What is being branded to us as a victory for consumers is actually another attack on our First Amendment rights
This past Monday, California Governor Jerry Brown signed into law SB 962. The cellphone kill switch law. The bill requires all cell and smart phones in California to have a mandatory “kill switch” installed by July 1, 2015. The same law was signed in Minnesota in 2013.
The law is being touted as a victory for California consumers, but I don’t see it that way. The law was passed supposedly because there have been too many cellphone thefts and insurance claims for their replacement.
My first thought was that this bill will save a lot money for insurance companies, not make things better for consumers. After some research though, I learned that insurance companies are afraid they will lose the nice premiums they collect every month. My second thought was this is just another step our government is taking to limit our First Amendment Rights when they see fit.
The police and cell phone providers already have the capability to kill your cellphone, but the backlash from citizens has led to outrage. A Federal lawsuit against the Department of Homeland Security was filed in 2012 in regards to an incident in California which more than likely helped to fuel the passing of this cellphone kill switch law.
On July 3, 2011, a Bay Area Rapid Transit (“BART”) officer in San Francisco shot and killed a homeless man, Charles Hill. The officer alleged later that Hill had attacked him with a knife and that he had acted in self-defense.
The death sparked a major protest against BART a week later. Though the protests disrupted service at several transit stations, no one was injured. A second protest was planned one month later, but was cut short after BART officials cut off all cellular service inside four transit stations for a period of three hours. This act prevented any individual on the station platform from sending or receiving phone calls, messages, or other data.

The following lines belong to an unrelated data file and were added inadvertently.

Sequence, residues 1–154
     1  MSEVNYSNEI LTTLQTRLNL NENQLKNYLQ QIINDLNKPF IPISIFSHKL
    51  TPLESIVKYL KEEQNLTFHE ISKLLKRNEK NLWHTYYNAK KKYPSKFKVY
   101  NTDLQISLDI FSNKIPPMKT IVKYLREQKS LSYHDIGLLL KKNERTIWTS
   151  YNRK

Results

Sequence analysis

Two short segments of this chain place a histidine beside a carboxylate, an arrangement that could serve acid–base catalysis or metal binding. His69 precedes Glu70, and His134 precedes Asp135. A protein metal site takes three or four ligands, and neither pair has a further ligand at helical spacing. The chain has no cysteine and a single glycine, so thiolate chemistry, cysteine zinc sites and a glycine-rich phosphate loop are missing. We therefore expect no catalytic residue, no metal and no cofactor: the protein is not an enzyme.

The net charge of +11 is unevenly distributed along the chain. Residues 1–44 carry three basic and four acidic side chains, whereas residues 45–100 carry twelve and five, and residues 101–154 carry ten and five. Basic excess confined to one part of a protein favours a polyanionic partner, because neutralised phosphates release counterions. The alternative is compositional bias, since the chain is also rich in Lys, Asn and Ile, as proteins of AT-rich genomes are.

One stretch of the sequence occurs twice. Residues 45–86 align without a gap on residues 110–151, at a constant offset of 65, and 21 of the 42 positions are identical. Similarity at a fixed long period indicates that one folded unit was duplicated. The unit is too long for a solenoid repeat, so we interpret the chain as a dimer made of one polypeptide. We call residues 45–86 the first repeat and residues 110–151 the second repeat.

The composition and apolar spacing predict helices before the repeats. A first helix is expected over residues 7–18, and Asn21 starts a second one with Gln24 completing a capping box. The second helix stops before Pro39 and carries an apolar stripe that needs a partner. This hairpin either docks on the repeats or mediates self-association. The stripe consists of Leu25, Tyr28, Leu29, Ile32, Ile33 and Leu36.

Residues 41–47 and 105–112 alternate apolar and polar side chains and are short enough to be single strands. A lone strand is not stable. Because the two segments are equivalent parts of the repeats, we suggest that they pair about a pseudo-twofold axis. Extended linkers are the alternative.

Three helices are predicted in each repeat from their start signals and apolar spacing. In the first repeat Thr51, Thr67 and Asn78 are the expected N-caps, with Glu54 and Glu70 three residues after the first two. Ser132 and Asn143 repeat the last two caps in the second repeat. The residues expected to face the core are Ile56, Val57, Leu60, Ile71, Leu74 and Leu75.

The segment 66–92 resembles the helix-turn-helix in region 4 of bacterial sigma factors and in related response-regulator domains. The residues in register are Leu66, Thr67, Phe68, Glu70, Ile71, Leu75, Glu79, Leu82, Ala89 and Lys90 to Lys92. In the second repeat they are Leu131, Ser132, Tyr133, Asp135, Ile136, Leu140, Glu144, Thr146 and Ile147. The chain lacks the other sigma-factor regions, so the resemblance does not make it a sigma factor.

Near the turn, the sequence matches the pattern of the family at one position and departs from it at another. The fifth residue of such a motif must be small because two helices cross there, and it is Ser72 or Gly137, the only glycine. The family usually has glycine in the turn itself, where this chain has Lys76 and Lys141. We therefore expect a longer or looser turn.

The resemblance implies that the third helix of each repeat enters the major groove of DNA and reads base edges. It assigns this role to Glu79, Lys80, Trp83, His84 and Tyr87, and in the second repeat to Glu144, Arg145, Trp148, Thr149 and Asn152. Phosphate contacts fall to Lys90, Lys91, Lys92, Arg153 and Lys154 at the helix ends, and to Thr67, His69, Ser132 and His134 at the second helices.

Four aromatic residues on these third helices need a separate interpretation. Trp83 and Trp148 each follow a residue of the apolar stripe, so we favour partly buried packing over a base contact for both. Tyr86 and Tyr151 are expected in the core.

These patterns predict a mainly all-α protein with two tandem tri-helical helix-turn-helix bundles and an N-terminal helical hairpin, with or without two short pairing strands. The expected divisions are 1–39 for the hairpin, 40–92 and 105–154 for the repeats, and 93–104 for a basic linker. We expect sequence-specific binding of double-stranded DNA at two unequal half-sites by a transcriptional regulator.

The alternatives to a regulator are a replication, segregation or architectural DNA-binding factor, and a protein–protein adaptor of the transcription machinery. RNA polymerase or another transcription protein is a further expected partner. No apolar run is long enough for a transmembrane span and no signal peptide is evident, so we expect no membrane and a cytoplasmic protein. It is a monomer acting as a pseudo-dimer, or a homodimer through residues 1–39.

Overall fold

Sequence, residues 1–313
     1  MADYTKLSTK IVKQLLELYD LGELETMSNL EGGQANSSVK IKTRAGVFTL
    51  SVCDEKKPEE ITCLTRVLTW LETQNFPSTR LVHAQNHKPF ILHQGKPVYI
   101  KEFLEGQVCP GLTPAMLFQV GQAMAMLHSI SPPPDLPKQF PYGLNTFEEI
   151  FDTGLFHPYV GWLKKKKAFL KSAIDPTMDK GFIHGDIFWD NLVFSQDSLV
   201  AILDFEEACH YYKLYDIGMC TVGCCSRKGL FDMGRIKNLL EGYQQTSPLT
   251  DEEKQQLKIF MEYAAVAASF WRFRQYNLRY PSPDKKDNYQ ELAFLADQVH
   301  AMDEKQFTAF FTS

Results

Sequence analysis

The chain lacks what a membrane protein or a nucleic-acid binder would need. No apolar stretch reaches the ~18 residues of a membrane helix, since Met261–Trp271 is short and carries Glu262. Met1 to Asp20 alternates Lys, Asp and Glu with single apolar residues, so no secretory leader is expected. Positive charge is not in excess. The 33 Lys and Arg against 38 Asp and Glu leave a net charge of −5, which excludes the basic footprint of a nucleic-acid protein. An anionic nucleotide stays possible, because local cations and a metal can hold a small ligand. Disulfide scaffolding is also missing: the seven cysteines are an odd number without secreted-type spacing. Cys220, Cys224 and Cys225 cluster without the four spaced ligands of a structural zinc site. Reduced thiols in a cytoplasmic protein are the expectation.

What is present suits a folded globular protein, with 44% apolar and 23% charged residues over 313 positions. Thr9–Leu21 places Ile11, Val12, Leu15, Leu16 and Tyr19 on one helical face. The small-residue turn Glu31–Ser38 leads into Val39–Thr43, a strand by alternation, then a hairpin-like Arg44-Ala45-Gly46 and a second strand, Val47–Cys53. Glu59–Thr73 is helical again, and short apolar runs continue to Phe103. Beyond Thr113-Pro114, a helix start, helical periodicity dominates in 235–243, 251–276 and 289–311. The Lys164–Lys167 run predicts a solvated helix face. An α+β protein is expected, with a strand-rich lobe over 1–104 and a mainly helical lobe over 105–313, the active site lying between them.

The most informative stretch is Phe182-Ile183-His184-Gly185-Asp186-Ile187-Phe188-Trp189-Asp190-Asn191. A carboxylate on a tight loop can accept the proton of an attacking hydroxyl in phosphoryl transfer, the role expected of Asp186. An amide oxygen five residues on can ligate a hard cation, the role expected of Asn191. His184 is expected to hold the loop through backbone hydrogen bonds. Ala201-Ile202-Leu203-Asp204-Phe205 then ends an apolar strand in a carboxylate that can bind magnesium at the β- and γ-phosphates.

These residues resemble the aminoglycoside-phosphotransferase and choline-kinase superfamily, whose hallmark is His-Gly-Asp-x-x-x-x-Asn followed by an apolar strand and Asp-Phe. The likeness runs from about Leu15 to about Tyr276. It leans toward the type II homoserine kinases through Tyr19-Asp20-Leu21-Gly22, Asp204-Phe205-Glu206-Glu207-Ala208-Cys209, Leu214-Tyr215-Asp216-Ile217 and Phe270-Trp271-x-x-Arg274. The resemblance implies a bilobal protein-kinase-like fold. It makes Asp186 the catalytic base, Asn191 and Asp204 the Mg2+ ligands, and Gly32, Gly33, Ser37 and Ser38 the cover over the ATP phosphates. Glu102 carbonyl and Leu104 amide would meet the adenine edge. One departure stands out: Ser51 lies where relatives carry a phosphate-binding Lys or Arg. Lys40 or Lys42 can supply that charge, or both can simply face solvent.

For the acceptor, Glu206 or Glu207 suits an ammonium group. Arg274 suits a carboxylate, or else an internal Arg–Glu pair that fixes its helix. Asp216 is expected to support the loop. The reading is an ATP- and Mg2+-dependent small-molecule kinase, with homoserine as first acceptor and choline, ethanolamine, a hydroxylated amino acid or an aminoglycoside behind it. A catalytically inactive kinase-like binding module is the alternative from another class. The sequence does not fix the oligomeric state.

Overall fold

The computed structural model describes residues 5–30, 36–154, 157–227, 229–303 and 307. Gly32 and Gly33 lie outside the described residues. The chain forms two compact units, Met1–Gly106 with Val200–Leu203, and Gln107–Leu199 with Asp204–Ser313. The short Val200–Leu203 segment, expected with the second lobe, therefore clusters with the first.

The incident with BART set off a renewed interest in the government’s power to shut down access to the internet and other communication services. A 2011 Report from the White House asserted that the National Security Council and the Office of Science and Technology Policy have the legal authority to control private communications systems in the United States during times of war or other national emergencies.
The Federal Communications Commission plans to implement policies governing the shutdown of communications traffic for the “purpose of ensuring public safety”. Also in 2012, the White House signed an executive order seeking to ensure the continuity of government communications during a national crisis.
As part of this executive order, The Department of Homeland Security was granted the authority to seize private facilities, when necessary, effectively shutting down or limiting civilian communications. SB962 just expands upon this on the state level and makes it legal to shut down cell phones on a whim.